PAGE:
A Portrait of a Hawaiian Sugar Plantation
Like a dream
So I came
But my tears
Are flowing now
In the cane fields.
- Old Plantation Song
The Hawaiian sugar industry began in 1835 at Koloa, Kaua'i, bringing unprecedented change to the islands and resulting in the multiethnic society that it is today. At its peak in the early 1900s, there were over 50 plantations statewide. This is an ongoing project, taken at the Gay & Robinson Plantation on the westside of Kaua'i, the last sugar plantation on the island and only one of two left in the state. Most employees live as well as work on the plantation, occupying old plantation houses in the original camps, and forming a unique, tight-knit community - the last remnant of old-style plantation life.
UPDATE: On September 9, 2008, Gay & Robinson Inc. announced that it was ending sugar production, which it began in 1889. The shut down will occur slowly as the company continues to harvest and grind its remaining crops. Layoffs, which have already begun, will start with planting, continue with irrigation and end with harvesting and milling employees. The current projected shut down date is October 2009 - after which HC&S on Maui will be the last sugar company left in the state. This project will continue until then.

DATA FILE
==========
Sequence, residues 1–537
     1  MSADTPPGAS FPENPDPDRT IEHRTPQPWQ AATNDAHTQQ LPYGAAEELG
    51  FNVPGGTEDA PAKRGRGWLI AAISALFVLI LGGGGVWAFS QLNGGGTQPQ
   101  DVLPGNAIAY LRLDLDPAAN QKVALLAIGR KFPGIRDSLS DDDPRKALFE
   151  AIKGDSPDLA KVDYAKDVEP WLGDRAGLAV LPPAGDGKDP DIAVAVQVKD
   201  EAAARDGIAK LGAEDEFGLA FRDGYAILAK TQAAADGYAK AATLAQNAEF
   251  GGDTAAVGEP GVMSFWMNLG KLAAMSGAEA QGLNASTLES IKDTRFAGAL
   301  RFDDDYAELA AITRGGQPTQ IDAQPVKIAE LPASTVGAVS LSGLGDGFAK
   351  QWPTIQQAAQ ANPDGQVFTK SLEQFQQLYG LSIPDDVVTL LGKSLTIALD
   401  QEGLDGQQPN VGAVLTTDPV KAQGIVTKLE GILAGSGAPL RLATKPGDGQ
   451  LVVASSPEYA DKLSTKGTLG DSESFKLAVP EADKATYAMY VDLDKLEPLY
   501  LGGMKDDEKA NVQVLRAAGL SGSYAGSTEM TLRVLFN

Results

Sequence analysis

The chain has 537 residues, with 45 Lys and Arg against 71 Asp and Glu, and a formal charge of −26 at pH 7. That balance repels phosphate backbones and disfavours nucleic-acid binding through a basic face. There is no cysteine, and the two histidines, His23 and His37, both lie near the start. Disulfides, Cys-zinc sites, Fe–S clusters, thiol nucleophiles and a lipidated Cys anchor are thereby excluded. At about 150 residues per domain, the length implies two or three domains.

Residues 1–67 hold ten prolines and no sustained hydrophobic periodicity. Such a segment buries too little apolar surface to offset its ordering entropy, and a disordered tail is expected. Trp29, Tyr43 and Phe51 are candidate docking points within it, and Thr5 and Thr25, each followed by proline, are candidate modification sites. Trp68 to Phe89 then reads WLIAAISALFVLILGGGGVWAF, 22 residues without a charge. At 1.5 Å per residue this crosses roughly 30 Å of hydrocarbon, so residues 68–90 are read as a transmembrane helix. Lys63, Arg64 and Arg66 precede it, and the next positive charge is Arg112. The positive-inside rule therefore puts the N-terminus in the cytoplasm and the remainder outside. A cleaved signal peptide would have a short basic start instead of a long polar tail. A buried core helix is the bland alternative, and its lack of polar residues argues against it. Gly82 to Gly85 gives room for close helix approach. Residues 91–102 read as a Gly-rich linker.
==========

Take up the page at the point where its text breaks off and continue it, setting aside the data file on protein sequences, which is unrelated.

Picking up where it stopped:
UPDATE 2: On Friday, October 30, 2009, G&R ended sugar production, commemorating the event with a parade through the westside of Kauai that included the last two truckloads of cane. More info here: http://www.starbulletin.com/business/200
UPDATE 3: On December 16, 2016, HC&S on Maui loaded its last load of sugar on the Moku Pahu and shut down sugar operations. King Sugar in Hawaii is officially pau.